Typically where space stuff is concerned, two hours of lost contact means your craft is almost certainly gone. But NASA just hit the long-lost spacecraft lotto.
The space agency has re-established contact with the STEREO-B spacecraft, nearly two years after communication with the Solar Terrestrial Relations Observatory (STEREO) was lost. NASA has been trying to reach the STEREO-B since Oct. 1, 2014, when the signal was dropped. But NASA took advantage of the international Deep Space Network of large radio antennas to finally reconnect to the craft.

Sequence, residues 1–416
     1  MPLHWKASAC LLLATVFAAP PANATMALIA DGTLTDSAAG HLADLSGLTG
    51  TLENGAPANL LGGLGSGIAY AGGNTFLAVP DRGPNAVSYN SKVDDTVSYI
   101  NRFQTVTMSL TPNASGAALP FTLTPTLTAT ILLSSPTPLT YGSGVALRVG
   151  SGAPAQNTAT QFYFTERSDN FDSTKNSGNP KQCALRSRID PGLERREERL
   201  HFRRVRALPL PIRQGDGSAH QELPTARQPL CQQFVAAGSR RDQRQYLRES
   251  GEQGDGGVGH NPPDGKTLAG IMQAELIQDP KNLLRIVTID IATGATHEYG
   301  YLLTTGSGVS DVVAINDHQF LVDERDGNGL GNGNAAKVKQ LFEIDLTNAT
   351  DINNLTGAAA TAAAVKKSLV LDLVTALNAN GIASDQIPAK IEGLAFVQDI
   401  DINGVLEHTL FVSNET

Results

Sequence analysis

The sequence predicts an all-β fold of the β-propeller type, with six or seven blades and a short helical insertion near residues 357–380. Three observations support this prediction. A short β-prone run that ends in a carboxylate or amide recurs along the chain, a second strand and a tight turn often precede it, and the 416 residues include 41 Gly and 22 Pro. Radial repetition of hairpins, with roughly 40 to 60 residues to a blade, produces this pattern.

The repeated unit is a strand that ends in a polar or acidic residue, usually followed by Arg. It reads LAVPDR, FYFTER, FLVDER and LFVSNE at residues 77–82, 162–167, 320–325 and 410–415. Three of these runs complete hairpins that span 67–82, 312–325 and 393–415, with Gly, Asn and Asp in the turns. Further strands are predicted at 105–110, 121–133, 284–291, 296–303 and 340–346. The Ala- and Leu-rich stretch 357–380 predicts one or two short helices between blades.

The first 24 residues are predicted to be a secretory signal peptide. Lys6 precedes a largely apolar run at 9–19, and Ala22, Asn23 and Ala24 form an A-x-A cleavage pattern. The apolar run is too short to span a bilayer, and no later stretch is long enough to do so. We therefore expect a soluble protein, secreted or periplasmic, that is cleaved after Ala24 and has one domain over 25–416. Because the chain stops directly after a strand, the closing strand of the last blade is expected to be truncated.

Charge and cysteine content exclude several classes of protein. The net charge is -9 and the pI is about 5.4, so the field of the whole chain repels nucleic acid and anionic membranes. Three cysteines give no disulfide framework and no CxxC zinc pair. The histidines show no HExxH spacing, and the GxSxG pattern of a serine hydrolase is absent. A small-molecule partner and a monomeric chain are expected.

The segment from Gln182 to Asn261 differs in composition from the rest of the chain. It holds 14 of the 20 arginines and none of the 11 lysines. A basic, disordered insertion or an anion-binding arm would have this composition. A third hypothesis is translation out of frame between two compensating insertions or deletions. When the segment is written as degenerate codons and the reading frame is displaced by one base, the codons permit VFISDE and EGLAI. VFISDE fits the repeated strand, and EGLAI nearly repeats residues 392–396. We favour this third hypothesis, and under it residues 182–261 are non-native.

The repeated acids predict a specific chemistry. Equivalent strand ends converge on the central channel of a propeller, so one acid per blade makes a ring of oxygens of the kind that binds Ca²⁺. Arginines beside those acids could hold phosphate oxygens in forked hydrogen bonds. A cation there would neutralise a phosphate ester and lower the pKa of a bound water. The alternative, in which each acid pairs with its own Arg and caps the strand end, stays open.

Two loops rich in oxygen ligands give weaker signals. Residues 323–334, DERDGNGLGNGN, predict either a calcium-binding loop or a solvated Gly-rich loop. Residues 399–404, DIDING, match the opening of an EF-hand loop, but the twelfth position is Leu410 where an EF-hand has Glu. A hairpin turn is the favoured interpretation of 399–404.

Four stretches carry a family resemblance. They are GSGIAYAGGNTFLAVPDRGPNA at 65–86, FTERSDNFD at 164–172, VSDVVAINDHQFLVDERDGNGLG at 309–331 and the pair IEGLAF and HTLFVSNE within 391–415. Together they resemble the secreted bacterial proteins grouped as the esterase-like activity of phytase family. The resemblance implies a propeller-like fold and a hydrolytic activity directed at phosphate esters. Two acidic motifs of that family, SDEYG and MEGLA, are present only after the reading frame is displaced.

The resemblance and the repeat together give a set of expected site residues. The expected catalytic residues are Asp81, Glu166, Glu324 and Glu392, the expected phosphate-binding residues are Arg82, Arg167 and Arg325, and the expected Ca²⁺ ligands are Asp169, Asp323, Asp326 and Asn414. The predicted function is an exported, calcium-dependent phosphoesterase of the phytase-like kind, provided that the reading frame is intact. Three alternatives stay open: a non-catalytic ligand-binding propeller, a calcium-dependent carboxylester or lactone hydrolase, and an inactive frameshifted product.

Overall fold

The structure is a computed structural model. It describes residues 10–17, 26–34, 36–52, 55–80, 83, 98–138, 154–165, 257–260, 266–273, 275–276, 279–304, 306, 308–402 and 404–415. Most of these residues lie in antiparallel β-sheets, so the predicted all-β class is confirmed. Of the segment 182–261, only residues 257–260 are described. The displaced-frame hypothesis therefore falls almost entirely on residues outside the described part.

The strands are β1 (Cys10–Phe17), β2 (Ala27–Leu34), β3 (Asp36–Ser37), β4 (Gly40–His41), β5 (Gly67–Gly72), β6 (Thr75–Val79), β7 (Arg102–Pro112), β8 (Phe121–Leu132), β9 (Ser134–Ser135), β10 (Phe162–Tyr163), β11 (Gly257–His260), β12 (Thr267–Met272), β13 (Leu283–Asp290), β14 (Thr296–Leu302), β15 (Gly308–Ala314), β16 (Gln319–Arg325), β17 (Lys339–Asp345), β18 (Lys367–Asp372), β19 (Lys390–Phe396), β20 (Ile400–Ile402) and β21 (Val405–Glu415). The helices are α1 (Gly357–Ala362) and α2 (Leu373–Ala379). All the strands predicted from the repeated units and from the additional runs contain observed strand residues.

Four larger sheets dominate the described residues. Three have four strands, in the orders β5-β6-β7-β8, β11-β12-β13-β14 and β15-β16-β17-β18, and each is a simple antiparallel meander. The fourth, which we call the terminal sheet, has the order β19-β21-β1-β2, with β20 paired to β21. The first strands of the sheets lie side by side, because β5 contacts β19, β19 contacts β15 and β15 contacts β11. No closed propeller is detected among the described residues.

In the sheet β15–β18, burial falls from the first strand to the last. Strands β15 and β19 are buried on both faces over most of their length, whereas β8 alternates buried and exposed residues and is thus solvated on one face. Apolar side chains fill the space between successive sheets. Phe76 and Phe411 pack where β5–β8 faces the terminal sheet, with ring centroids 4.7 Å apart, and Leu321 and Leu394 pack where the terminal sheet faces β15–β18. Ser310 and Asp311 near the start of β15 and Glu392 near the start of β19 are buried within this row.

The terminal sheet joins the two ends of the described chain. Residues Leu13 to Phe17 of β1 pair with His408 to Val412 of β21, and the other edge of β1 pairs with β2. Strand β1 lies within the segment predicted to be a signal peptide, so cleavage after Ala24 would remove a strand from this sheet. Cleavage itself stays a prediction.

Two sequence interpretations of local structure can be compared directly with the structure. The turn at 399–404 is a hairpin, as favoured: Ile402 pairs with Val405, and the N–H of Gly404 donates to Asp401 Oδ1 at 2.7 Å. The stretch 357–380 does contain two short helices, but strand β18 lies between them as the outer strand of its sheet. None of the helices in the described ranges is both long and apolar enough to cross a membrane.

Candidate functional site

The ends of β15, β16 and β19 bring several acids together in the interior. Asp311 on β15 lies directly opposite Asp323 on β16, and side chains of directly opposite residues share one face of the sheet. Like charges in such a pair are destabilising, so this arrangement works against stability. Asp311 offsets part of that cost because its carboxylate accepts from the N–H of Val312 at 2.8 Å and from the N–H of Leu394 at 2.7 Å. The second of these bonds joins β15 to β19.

The STEREO-B mission is designed to study the sun and its behavior, with a focus on coronal mass ejections and the geomagnetic storms it can cause when those charged particles crash into Earth’s magnetic field.
Once NASA re-established connection, the signal was monitored for several hours to figure out the craft’s condition, then it was powered back down to save battery. But at least the space agency knows the craft is still out there. The team is planning to follow a similar approach in the future, periodically checking in with STEREO-B to evaluate the craft and make sure it’s still kicking.